Essential Architecture-  Lüneburg

Lüne Yard




Lüneburg, Lower Saxony, Germany.




Hanseatic Brick Gothic




Lüne Yard

the building:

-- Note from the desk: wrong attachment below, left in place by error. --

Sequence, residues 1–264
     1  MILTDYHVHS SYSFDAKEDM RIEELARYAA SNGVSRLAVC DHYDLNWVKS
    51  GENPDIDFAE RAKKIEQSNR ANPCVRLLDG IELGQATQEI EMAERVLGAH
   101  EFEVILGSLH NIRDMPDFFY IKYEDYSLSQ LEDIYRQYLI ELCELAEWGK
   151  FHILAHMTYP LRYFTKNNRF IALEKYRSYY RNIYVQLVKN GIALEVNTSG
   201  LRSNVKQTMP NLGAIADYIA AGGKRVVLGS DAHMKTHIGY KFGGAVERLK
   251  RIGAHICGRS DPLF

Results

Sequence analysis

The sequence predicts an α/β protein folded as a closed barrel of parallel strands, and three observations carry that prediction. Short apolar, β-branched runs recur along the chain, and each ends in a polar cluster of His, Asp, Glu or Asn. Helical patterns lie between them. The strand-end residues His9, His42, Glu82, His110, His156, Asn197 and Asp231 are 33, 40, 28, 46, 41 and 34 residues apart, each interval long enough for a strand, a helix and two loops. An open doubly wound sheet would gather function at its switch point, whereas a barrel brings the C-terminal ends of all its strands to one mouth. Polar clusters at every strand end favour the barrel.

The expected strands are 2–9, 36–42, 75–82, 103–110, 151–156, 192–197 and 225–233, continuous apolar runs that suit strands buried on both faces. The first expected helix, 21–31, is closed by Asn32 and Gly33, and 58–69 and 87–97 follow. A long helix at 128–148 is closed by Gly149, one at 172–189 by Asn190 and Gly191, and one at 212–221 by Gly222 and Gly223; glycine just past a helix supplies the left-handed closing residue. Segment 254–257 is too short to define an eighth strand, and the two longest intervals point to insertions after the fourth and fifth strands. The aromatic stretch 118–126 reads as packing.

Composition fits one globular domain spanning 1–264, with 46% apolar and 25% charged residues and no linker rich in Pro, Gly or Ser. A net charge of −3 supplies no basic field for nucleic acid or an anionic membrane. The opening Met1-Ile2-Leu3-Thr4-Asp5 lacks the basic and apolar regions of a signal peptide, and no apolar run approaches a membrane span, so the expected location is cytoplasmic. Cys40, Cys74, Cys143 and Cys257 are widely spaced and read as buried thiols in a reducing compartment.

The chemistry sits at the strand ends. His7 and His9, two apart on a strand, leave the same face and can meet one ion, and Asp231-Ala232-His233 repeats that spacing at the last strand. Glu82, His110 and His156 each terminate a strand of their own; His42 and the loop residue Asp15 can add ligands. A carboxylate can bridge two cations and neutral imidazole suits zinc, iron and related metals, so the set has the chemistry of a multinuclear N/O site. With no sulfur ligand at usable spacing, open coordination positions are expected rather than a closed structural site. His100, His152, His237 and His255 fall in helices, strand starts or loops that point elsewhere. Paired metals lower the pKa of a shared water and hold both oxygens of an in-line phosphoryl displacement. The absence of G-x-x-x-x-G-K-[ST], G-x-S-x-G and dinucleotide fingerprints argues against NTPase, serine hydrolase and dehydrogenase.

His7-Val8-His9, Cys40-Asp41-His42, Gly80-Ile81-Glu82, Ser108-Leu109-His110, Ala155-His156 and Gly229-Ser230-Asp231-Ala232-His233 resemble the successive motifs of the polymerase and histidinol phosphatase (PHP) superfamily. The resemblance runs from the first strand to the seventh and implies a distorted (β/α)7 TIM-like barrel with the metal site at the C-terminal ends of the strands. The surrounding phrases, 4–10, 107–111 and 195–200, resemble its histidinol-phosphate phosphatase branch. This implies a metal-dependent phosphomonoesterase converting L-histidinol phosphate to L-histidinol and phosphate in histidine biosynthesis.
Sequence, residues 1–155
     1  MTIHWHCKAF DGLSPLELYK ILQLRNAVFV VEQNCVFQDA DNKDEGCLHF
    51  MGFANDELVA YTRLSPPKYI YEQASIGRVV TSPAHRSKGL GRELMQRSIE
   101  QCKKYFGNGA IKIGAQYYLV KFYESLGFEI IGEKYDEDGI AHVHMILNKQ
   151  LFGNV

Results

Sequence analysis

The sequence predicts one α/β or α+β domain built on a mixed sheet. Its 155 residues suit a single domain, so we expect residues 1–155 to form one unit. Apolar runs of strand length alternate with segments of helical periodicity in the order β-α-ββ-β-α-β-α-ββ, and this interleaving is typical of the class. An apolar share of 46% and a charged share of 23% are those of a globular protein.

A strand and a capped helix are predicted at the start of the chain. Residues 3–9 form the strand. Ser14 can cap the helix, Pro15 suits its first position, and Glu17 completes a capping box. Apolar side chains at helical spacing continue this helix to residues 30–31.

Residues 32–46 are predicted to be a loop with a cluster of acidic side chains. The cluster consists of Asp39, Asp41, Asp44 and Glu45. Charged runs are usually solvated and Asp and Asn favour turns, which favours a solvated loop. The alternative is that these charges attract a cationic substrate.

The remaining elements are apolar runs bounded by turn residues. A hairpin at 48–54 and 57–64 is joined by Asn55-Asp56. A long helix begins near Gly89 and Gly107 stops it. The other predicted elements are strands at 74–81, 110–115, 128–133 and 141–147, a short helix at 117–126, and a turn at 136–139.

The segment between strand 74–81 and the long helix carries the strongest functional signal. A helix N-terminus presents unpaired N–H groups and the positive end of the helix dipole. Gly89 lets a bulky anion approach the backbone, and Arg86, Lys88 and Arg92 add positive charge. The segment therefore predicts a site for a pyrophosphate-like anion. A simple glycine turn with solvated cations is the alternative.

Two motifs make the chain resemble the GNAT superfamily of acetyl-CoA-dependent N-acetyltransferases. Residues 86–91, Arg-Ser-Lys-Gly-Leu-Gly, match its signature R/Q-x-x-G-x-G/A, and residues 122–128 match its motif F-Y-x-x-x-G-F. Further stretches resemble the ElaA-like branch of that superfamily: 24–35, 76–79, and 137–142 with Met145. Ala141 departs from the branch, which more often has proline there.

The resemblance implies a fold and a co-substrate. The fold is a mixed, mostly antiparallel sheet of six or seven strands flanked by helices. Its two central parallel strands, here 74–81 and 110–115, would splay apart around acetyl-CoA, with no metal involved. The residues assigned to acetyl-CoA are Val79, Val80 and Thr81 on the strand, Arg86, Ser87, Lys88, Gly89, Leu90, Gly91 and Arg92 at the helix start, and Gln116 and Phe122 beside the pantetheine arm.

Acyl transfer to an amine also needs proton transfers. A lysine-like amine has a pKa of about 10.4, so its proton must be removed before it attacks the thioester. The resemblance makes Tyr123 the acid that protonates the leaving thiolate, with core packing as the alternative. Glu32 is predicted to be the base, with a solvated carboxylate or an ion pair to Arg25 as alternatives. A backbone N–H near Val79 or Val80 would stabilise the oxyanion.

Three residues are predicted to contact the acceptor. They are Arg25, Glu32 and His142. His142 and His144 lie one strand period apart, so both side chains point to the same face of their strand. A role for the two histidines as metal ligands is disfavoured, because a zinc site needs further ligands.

Lüne Abbey acquired the site in 1356 and completed the main building in 1361. The complex consists of a main building measuring about 33 x 10 metres, a gatehouse, and other outbuildings. The three-storey, gabled main building has a central portal surmounted by a pointed arch, which is reached via a staircase. The segmental pediment windows of the first and second floors probably used to be coupled windows. There are pointed arch windows in the simple triangular gable. The eaves façade on Lüner Straße was originally structured by pointed arch and segmental pediment windows. In the western part of the eaves front there are hatches placed one above the other on various floors. The eaves front facing the courtyard is similarly simple in style. The two-nave cellar with rib vaults supported by cruciform central piers has an entrance from the street “Auf dem Kauf.” The ground floor repeats the structure of the cellar. It contains a partioned-off room with two rib vaults which has been interpreted as a chapel. Originally, the second floor was probably not divided and, like the four lofts, served as a store. Hatches and a hoist made it possible to bring in goods for storage. The complex served the abbey as a place of abode in the city and as a refuge in emergencies. Inside the building there is an old people's home; thus, viewing is not possible.


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